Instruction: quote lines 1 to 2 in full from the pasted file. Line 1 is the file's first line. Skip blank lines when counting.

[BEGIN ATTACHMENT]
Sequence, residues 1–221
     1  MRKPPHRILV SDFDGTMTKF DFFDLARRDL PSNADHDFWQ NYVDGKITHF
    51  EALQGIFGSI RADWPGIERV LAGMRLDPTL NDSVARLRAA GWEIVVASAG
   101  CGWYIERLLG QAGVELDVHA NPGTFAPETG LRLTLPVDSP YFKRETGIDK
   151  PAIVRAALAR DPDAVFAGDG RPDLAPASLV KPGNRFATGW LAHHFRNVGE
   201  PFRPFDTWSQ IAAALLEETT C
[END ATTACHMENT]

Sequence, residues 1–221
     1  MRKPPHRILV SDFDGTMTKF DFFDLARRDL PSNADHDFWQ NYVDGKITHF